|Scientific name||Betula pubescens – Sphagnum palustre woodland|
|Common name||Downy Birch – Blunt-leaved Bog-moss woodland|
Download full pdf synopsis: WL4C
Betula pubescens is the sole constant of the low canopy of this community. Salix cinerea is the only other tree species likely to be encountered, accompanying Betula in the canopy or forming an understorey. The field layer is often strikingly dominated by tussocks of Molinia caerulea, amongst which can also be found Dryopteris dilatata, Rubus fruticosus agg. and Juncus effusus. A key characteristic is the usual abundance of Sphagnum species in the bryophyte layer, chiefly Sphagnum palustre, but also Sphagnum fimbriatum, Sphagnum capillifolium, Sphagnum recurvum agg. and Sphagnum squarrosum. Thuidium tamariscinum, Scleropodium purum and Hypnum cupressiforme are constants within this layer.
This community comprises open stands of birch woodland on soils with a fairly high water table or a high degree of flushing, typically occurring on basin peats or occasionally on peaty gleys. It is often found in peaty hollows at higher altitudes but also included here are stands of intact and degraded raised bog systems in the lowlands. Consequently, it largely occurs on level ground. Soils are very acidic and markedly infertile.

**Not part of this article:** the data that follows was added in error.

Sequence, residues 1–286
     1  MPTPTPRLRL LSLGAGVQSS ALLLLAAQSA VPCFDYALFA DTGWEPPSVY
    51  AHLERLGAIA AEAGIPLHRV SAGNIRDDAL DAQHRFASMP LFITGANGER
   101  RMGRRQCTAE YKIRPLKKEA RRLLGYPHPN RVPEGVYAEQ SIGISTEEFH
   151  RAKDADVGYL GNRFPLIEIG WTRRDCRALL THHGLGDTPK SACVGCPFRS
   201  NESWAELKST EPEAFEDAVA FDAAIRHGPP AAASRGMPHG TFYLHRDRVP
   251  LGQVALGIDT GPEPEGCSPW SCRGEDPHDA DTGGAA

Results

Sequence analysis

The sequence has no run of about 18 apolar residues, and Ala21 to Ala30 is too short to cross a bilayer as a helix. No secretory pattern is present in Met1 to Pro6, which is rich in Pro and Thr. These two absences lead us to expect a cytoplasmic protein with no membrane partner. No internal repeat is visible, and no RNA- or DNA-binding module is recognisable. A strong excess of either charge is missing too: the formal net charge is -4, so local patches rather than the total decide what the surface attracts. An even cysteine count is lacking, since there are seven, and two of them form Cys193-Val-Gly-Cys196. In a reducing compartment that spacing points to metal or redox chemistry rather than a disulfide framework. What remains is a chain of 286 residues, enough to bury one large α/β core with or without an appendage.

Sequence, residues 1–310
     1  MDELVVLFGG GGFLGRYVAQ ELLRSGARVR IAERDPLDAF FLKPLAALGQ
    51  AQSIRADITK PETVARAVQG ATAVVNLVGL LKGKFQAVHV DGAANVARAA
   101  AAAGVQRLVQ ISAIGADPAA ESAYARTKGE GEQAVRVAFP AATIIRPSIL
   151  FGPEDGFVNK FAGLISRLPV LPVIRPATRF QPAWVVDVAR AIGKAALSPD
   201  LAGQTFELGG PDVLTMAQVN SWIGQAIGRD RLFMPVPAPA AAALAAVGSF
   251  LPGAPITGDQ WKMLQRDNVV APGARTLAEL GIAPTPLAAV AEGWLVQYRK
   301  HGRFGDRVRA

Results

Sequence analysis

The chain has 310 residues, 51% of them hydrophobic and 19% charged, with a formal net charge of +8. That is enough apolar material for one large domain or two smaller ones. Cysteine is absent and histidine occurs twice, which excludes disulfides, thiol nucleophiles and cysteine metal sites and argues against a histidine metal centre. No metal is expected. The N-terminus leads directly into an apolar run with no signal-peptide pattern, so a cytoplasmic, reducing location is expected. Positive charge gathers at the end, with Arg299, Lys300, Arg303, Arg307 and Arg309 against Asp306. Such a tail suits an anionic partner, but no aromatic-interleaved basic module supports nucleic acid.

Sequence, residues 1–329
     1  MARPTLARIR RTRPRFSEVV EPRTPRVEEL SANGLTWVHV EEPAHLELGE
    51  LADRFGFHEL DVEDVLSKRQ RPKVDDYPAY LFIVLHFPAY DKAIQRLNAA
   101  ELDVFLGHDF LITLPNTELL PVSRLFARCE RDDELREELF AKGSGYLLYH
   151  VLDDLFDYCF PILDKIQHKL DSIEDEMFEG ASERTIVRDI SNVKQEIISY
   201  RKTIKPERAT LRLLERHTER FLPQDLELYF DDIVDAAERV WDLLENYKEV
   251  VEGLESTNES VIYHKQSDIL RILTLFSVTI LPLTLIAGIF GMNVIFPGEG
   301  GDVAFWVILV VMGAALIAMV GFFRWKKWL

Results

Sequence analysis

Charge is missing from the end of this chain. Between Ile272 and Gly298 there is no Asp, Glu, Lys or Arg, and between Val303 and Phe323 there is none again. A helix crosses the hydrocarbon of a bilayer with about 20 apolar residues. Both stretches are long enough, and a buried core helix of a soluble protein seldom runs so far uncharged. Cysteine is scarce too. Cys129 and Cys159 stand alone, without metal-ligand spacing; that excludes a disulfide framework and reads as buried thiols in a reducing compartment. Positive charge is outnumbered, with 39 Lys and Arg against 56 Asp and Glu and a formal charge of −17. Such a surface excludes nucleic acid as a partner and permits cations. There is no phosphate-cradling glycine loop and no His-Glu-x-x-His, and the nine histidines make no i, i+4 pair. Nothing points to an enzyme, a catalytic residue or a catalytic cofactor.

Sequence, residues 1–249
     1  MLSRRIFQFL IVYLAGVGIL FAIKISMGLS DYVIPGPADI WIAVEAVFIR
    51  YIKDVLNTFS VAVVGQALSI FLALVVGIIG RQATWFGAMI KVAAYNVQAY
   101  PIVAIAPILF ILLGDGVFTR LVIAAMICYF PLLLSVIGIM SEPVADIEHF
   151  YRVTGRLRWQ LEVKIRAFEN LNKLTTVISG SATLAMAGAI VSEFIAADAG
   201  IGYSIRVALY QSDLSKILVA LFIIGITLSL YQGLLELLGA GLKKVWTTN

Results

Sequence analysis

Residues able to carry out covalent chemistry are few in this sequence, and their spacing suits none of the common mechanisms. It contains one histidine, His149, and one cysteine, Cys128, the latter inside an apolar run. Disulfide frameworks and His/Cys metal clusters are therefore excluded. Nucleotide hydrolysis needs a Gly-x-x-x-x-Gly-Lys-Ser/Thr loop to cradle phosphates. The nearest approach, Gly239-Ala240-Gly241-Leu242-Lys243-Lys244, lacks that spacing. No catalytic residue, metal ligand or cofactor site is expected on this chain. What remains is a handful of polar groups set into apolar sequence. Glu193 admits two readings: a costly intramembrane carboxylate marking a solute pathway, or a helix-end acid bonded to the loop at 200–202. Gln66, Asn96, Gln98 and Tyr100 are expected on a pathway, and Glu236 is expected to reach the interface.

Two sub-communities have been described for this community. In the Calluna vulgaris–Eriophorum vaginatum sub-community (WL4Ci), bogland species are abundant and Pinus sylvestris may occur. The Rubus fruticosus-Potentilla erecta sub-community (WL4Cii) is somewhat less acidic and lacks these indicators, but Molinia caerulea and the titular species are more frequent.
Molinia caerulea is also a prominent plant within the wet birch woodlands of community WL4E. That community, however, is not as highly acidic and oligotrophic as WL4F, so Sphagnum and most of the other indicators of bogs are infrequent.
This is not a particularly species-rich woodland community but it has a fairly diverse bryophyte flora. Many stands have a high Sphagnum cover and qualify as EU Annex I habitat 91D0 Bog woodland*.
These stands are threatened by any impacts that may alter the hydrological regime. Stands on intact raised bog are particularly vulnerable to the impacts on the water table that result from nearby turf-cutting. Other threats include overgrazing by deer or livestock, woodland clearance and invasion by non-native species such as Rhododendron ponticum.